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Glorious Gluttony

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You are a colorful, valueless component of this great project of resource consumption: Celebrate it!

As the Big Day, that greenest collection of hours, that day when the unified realization of our interconnectedness in this great web of overconsumption switches on in each of our solitary socially-networked little lives and you remember that special someone who opened the world to you... 

When you talked about doing good and held hands on long walks through the city parks.

You talked about getting mountain bikes to really boogie through the chinaberry and hackberry and snorted down those protein-enriched smoothies through over-sized straws. 

Maybe the memory of a supposedly better season, a thoughtful season when all you wanted to do was have fun and helps loosens up kinder notions of yourself. Weren't you prettier then? Smarter? Good-hearted?

But then you realize what you are really. A dirty, stinkin’, glutton, burdening the world by your very existence. 

Nat Geo did their best to show you where we are, with our 2-point-whatever kids and all that conquered lawnspace rolled out over formerly productive native prairie. Were we supposed to feel guilty when we saw the glump of thousands of diapers we each shat into toxifying landfills? And the assortment of pigs and cows we ate on average? Or the mountain of potatoes or sodas or bananas?

Interesting imagery and maybe there was a message. I got restless with the the value-neutral presentation that just seemed to go on and on, like us on the planet, apparently. I suppose the quantities were supposed to carry shock value, but if you’ve ever considered your life as a consumer, you wouldn’t have been. Our gluttony does not surprise us anymore. 

Did the narrator ever get around to sharing that small detail: That our American standard of living can not be duplicated across the globe without four more earths to mine for resources? Or that the pace of car ownership and development in India and China alone may make meeting any carbon goal impossible before too many tipping points are tipped.

So, here’s an idea. In all of the pull-out supplements, and special issues, and insider reports, try keeping track of the number of times you are beckoned to a new “green” product. If our none-too-smart use of resources got us into this current climate mess, then maybe we can buy our way out. We're being sold a bill of servitude.

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Redemption would come a lot easier that way, of course. We wouldn't be contesting with Turner's vision of cannibal Canadians sweeping south in a mapleleaf rage, or with the ruling age of MegaStorms liquidating our kin from the equator out. However, the answer to our condition lies outside our current consumer culture. More specifically, it lies deeper within our culture and in our roots as Producer-Consumers.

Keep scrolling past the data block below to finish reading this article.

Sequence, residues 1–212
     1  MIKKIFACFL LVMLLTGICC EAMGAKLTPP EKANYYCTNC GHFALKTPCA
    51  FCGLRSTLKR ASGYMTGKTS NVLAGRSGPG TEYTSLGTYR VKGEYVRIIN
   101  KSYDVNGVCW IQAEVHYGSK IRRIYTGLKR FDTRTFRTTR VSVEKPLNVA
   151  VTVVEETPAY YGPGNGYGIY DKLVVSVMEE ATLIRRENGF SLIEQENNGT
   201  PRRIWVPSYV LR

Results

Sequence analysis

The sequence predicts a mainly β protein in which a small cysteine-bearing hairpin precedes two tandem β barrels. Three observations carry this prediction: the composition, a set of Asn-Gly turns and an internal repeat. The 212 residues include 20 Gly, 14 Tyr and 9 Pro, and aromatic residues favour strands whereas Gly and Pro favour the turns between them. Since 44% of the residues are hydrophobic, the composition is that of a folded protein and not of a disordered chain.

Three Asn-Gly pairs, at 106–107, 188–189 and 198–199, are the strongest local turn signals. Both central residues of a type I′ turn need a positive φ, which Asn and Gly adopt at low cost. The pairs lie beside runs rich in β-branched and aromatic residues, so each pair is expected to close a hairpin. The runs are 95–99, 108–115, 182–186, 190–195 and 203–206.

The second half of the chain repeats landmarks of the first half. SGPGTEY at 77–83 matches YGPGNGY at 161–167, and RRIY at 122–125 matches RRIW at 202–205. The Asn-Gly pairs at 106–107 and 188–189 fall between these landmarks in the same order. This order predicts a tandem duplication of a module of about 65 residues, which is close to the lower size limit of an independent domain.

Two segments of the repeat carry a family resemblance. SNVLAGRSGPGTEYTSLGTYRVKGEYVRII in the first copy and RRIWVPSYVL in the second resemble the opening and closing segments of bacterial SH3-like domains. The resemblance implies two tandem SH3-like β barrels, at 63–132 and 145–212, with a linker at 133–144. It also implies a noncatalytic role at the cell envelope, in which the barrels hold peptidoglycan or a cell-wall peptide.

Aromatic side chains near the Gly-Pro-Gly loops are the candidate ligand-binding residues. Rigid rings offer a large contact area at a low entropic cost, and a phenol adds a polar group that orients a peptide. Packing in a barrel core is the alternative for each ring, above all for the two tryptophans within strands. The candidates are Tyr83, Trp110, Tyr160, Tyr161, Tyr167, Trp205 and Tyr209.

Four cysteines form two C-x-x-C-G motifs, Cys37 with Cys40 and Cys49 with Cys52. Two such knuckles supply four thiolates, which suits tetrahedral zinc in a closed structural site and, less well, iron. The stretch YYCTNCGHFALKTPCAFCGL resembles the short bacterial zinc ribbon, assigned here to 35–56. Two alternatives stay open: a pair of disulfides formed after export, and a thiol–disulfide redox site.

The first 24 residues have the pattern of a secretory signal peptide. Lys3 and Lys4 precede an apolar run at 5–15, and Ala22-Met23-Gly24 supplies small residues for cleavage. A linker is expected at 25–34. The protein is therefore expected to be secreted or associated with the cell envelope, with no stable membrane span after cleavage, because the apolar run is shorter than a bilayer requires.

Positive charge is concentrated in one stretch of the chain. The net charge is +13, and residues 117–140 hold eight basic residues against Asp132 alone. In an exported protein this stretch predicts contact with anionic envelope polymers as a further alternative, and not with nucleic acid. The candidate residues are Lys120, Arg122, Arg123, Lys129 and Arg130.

The Northeast ISD press release highlights what our kids did in honor of Earth Day: 

  • Driscoll Middle School bought up 53 acres of rainforest in Costa Rica (well on their way to a carbon-neutral economy, btw) by selling 531 T-shirts, a Nature Conservancy program.
  • Redlands Oaks Elementary learned how to garden and sprouted lima beans.
  • Jackson Middle School Earth Club held a campus clean-up.

Plaudits to you poor inheritors of this swirling, spinning mess. 

Buying a rainforest is cool (as long as you also solve some economic issues for those living nearby, or they’ll likely burn, blast, or fell it anyway, on the sly); gardening is a big “hell yeah” that each of us should be exploring (and likely will as water, electricity, gasoline, bread, milk, eggs, and whatever it all makes when you stir it up in a pot escalates in value); but picking up after ourselves? Keeping Texas Beautiful?

I suspect we’ll be falling down on this slope if prices for aluminum and plastics and paper don’t keep rising, too. So, I’m not too concerned on this point either. 

If it sounds like I’m stating the free market case for crisis global climate change response, I am. In a way. 

Recovering our knowledge of gardening, slimming down on the gasohol, watching that thermostat: it all follows an inflationary economy, which we seem to be well into. It is, literally, the least we can do, the latest we can afford to do it.

It's the worst-case scenario, where we allow econo-climatic leaps force the shift on our behaviors.

In practical terms, this sort of reactionary living (as opposed to proactive) means we (and our lima-bean-eatin' children) will be responding to ever-worsening crises with slimmer chances of holding onto the lifestyles we have been enjoying for so long. 

This Earth Day, instead of buying T-shirts to save the rainforest, just buy the blinkin’ forest and pick up a thrift store T instead. Try sleeping in your skivvies instead of shopping for “greener” pajamas (and throwing in a little seaweed face scrub on the side).

Hell. Skip the Earth Day balloon release party and take the afternoon off to break up that water-hungry lawn for a no-water desertscape and a pea garden. It’ll be easier on your wallet and more fun that walking around in the heat stuffing yourself with soda and cotton candy, anyway.

I mean, then you'll have to worry about making birdhouses out of your soda cans and paper tubes. What a pain in the ass that'll be.

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Image courtesy of National Geographic.

Posted by Greg Harman on 4/15/2008
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